Water Polo Drill #13: "5 on 2 Keep Away" by Coach Larry Zubrin, Occidental College

5 passers form a circle about 2-3 meters apart from each other.

2 Defenders are in the middle of the circle attempting to steal or disrupt a pass.

Passers may not pass to a player to their immediate left or right.
Passers may not hold the ball for more than 3-5 seconds.  (Variations are up to the coach)
All passes must be dry.

If defenders drop back to press the 2 available players, one of the open players to a passers immediate right or left may drive across between the other open player and the passer, or between the open player and a guarded player,  in order to create an available cross pass.  Like any drive in a front court offense, the other perimeter players must rotate left or right into open water and draw the defense away from the drive, or to be ready to receive a cross pass if the defender helps over to pick up the driver.

Coaches can instruct defenders to only stunt between open players.  Or to always drop back to force open players to drive, or to alternate stunting between open players and attacking the passes, etc…

The drill progresses when the defense succeeds in stealing or disrupting a pass.  When a pass is stolen or if a player fails to catch a pass dry, both the passer and the person the pass was intended for now become the defenders, and the previous defenders move into the passing circle

The drill helps develop passing skills, decision making, ball and player awareness, communication, and movement without the ball.  It also develops defensive skills and awareness related to drop or zone defenses.

Larry Zubrin, Occedntal CollegeCoach's Biography          Coach's Water Polo Videos

Water Polo Drill #14: "Triangle Passing" by Coach Curtis Robinette, Mercyhurst College

Divide your players into groups of three. Have them form an equilateral triangle about four to five feet apart. Give two players in each triangle a ball. The player without the ball is called the point. The player on the right side of the point passes the ball to the point's right hand and the point passes the ball back to the same player with the point's right hand. As soon as the ball leaves the point's right hand the player to the left of the point throws the ball to the point's left hand. The point throws the ball back to the same player with the point's left hand. The point must kick up every time he or she receives the pass from the right and the pass from the left. After the point receives 10 passes from each player the player to the point's right becomes the point and the passing is repeated. This drill can be finished after everyone is the point once or twice or as many times as you desire and the number of passes can 10, 15, 20,.... . On the deck the coach can help in encourage the point by yelling, "Work the point!" Also if the point does not kick up for each pass and catch you can make that person stay the point until he or she does.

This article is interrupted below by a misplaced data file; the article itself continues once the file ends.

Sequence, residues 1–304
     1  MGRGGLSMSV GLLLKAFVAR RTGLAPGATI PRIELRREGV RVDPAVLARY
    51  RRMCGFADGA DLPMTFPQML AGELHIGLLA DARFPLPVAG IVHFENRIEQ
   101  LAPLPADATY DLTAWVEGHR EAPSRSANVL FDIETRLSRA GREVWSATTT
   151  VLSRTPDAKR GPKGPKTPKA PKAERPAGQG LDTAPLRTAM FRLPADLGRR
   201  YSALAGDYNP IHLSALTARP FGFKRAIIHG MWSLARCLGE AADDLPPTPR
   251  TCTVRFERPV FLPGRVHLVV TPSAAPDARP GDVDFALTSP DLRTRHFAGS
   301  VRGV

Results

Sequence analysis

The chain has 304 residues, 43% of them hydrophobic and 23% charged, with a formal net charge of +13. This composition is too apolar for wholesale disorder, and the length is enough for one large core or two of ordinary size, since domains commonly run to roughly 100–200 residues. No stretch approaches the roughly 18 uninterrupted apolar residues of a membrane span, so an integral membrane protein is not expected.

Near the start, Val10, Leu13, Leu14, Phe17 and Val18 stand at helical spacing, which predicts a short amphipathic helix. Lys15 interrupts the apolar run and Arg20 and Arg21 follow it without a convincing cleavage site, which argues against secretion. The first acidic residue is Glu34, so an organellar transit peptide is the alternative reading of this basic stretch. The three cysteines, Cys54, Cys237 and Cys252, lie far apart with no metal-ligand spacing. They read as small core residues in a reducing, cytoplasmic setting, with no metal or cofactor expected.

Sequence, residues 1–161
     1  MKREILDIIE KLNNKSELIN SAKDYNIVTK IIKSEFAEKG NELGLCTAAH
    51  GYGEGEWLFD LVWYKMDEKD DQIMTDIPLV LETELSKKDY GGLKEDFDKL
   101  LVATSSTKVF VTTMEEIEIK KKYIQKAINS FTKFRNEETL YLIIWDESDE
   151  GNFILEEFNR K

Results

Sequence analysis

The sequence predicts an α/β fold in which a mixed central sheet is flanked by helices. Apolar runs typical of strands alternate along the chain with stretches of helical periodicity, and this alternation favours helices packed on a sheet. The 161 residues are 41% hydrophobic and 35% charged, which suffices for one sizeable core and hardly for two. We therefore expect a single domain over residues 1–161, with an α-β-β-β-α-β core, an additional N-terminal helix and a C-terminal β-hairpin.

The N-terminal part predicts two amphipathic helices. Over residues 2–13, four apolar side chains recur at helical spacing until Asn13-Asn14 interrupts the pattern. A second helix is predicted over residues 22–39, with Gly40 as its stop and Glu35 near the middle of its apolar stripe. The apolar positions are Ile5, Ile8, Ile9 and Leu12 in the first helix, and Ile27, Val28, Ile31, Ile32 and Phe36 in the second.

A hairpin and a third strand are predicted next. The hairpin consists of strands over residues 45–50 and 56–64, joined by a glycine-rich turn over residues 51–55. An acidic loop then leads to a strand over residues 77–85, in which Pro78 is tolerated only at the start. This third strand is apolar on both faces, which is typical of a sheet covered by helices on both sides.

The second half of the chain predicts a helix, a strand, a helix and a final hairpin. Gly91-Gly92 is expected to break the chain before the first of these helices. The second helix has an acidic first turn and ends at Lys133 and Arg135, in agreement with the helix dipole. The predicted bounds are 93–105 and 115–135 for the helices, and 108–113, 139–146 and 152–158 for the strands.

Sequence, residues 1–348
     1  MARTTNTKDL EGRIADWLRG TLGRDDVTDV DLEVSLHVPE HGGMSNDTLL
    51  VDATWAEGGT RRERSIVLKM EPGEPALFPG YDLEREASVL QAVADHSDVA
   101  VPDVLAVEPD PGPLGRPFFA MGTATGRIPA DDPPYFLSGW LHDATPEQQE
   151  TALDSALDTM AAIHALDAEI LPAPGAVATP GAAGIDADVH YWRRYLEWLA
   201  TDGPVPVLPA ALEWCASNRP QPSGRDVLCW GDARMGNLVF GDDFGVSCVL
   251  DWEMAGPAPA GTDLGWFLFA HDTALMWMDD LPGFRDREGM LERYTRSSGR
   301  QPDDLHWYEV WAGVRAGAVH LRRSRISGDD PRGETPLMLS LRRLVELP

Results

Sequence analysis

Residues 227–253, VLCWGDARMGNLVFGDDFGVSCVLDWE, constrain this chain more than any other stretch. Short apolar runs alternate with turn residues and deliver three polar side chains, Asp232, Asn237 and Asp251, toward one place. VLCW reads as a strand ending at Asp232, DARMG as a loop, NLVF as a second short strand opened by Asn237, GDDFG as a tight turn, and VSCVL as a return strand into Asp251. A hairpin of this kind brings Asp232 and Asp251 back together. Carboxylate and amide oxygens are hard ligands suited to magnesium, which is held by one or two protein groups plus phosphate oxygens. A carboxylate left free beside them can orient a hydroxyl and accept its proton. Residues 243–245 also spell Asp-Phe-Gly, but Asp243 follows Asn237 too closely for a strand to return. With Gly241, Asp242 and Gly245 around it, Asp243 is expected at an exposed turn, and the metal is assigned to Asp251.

This drill works not only the player's legs but it also improves the point's hand-to-eye coordination and it helps to improve the week arm passes of the point.

Next, have the players pass in the triangle with only one ball. Start the passes so the right hander receive a regular pass and the left handed receives a cross face pass. After a set number of passes have the players pass the ball in the opposite direction so the right hander receives a cross face pass and the left hander receives a regular pass. After more passes reverse the direction of the ball again. Do this several times. Also for variety you can have the player that catches a pass do a 360 degree turn before passing to the next player. The player must kick up to either pass or catch the ball which means two players are always working their legs and one player is resting.

I have been told numerous times that passing in a triangle best emulates the way a ball is passed in an actual game.

Unlike Jim Yeamans at the Rock, I didn't steal my drill from Doc Hunkler; I only borrowed it.

Curtis Robinette, Mercyhurst CollegeCoach's Biography          Coach's Water Polo Web Site


The medal pictured above is the last solid gold Olympic medal which was given out at the 1912 Stockholm Olympics in Sweden

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